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PBOC governor: China to free up interest rates within two years

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BEIJING, July 10 (Xinhua) -- China's central bank governor Zhou Xiaochuan reiterated on Thursday that China is likely to have fully liberalized interest rates within two years, but the timetable will depend on economic circumstances at home and abroad.

"The timetable to liberalize interest rates will be mostly carried out according to conditions of the domestic economy and global economy, but we believe it could be realized within two years," Zhou told a press conference at the ongoing China-U.S. Strategic and Economic Dialogue.

In March, Zhou said at China's annual legislative session that the country is very likely to ease its grip on banks' deposit rate, the last and most important step of interest rate liberalization, in the coming one or two years.

At Thursday's press conference, Zhou said the Chinese leadership has stressed "a sense of urgency in reform" and the People's Bank of China is preparing accordingly.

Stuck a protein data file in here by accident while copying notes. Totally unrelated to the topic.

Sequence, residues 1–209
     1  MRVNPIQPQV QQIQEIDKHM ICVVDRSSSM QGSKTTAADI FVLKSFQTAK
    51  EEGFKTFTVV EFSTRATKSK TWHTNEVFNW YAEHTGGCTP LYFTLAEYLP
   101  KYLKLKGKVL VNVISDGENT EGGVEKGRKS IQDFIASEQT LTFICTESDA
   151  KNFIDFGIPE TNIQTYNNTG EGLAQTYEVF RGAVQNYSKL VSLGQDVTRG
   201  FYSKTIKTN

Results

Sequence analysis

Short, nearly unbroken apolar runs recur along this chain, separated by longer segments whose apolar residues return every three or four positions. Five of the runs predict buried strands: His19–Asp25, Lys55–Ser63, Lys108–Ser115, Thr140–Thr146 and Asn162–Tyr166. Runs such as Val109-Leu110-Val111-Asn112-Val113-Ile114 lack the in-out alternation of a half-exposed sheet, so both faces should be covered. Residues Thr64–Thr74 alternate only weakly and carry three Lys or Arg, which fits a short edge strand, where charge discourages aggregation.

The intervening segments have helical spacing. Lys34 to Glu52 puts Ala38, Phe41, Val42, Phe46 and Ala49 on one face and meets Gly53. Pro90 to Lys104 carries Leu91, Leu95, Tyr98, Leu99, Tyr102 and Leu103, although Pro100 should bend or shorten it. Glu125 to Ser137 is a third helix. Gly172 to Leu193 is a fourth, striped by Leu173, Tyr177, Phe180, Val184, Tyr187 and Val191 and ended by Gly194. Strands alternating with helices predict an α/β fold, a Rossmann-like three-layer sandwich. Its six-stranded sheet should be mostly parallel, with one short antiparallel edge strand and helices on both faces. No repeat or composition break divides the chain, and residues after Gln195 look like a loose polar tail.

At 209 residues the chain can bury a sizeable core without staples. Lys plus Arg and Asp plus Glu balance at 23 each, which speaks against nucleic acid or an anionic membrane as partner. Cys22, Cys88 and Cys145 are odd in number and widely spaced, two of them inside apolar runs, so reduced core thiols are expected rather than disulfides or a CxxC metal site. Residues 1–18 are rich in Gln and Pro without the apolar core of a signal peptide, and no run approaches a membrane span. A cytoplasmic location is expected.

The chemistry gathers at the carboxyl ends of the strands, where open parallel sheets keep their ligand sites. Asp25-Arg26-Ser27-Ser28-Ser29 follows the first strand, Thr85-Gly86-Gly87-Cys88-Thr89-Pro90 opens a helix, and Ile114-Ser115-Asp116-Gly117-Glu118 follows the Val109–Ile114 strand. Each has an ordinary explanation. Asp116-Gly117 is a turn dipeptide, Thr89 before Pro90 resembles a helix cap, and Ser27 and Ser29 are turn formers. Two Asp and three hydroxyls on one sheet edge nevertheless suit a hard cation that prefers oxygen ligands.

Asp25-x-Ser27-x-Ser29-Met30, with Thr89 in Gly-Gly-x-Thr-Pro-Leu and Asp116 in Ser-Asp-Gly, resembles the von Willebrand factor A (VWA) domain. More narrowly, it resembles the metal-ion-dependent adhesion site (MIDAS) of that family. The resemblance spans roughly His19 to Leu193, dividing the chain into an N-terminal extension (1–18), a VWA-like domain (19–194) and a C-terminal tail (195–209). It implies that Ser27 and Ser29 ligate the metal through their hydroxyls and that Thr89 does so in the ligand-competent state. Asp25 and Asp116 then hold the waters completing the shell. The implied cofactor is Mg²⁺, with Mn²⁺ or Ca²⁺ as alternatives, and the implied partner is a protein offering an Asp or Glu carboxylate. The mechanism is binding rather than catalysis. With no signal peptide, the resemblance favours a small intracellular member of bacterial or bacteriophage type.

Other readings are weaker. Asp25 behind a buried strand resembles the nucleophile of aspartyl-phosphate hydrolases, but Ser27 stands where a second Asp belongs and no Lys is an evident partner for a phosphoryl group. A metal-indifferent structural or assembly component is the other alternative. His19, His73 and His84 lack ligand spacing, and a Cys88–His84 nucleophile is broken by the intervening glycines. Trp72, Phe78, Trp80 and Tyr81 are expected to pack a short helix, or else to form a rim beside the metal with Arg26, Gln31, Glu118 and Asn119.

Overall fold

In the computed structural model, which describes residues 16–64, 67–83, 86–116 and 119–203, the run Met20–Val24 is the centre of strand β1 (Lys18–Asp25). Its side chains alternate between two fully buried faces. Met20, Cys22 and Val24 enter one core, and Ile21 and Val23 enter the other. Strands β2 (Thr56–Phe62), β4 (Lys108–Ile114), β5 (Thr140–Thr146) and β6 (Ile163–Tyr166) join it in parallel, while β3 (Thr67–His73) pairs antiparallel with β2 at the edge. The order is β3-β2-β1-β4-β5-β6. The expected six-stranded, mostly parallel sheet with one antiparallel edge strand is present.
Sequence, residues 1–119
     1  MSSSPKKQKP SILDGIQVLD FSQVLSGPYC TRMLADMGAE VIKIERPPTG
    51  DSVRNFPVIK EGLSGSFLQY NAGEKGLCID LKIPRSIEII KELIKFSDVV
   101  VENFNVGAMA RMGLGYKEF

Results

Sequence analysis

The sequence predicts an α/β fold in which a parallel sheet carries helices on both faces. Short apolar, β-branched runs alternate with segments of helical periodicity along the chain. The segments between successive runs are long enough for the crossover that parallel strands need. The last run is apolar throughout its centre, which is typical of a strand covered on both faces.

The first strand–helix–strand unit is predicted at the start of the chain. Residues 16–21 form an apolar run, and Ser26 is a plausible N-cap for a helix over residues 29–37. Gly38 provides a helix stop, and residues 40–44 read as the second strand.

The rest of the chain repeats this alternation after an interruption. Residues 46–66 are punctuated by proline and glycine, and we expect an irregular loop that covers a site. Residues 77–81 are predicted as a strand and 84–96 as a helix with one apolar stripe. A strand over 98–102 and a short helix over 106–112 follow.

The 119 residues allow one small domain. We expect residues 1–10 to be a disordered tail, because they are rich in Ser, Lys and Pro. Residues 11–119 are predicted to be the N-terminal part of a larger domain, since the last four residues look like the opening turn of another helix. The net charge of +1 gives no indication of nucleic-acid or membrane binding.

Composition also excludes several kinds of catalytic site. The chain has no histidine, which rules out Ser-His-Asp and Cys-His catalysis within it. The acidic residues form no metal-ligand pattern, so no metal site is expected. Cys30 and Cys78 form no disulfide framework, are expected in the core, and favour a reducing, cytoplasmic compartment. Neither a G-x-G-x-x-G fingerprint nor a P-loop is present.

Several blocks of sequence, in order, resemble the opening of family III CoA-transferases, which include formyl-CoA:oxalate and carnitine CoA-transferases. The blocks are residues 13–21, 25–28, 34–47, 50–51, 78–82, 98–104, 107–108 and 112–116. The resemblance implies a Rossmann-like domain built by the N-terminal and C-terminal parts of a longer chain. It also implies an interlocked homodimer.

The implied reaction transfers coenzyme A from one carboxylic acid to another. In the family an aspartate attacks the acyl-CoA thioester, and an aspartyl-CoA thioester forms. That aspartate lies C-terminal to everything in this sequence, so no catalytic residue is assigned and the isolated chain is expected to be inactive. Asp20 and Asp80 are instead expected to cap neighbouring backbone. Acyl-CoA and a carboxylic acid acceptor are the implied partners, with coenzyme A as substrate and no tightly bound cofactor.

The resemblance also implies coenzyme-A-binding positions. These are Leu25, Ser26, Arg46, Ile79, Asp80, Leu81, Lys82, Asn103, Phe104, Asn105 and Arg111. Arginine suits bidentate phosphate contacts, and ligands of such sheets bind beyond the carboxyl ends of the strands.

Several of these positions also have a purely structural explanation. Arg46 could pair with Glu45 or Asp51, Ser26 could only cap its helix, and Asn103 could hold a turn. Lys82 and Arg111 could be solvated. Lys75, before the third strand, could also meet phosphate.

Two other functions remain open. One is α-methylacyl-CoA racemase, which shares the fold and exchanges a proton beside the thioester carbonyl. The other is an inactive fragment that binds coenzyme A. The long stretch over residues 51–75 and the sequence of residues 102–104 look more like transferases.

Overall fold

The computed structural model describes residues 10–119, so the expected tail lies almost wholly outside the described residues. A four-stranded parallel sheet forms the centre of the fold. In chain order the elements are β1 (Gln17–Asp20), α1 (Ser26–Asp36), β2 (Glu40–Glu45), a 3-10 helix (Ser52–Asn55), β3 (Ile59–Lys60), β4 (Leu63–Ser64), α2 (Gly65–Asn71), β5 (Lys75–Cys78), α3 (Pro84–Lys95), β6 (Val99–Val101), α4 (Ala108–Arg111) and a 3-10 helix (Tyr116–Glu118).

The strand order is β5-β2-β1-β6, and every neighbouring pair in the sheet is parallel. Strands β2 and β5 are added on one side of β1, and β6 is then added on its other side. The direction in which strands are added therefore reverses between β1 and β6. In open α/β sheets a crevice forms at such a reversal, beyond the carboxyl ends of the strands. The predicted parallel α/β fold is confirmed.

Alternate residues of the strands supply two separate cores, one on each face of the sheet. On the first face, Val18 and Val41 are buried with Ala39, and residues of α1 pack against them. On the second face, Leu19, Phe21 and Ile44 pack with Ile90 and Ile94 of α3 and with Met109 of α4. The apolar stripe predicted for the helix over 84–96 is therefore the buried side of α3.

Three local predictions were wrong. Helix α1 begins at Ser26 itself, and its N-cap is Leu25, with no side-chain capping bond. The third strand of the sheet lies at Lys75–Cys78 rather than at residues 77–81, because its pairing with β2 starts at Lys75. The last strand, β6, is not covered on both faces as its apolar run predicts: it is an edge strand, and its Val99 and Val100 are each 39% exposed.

After the interest rate is freed up, the central bank will have its policy rate play a guiding role in the market via mechanisms on the monetary market, said Zhou, adding that the bank is preparing two or three sets of such tools.

China has taken incremental steps toward interest rate liberalization, including a central bank decision last July to scrap the floor limit for bank lending rates, and a guideline in December for piloting negotiable deposit certificates on the interbank market.

As for forex reform, Zhou said the central bank will "significantly cut intervention on the forex market" if targets for forex reform are realized step by step and when the right conditions are in place.

The international forex market will see some abnormal fluctuations as major countries adjust their currency policies, said Zhou. As a result, China has to be discreet about the spillover effect, he noted.

Data showed the Chinese currency, the yuan, had appreciated by more than 12 percent by January this year after the central bank deepened reforms to the yuan's exchange rate formation mechanism back in June 2010. However, the currency headed toward months of depreciation against the U.S. dollar after the central parity rate of the yuan hit a new high against the dollar on Jan. 13 at 6.095.

Analysts have forecast that greater two-way fluctuations of the yuan may become a normal trend in the future.

"If the market fluctuates too much resulting from short-term opportunistic forces, we will make moves; and if the market is stable, we could speed up the reform a little bit," Zhou said.

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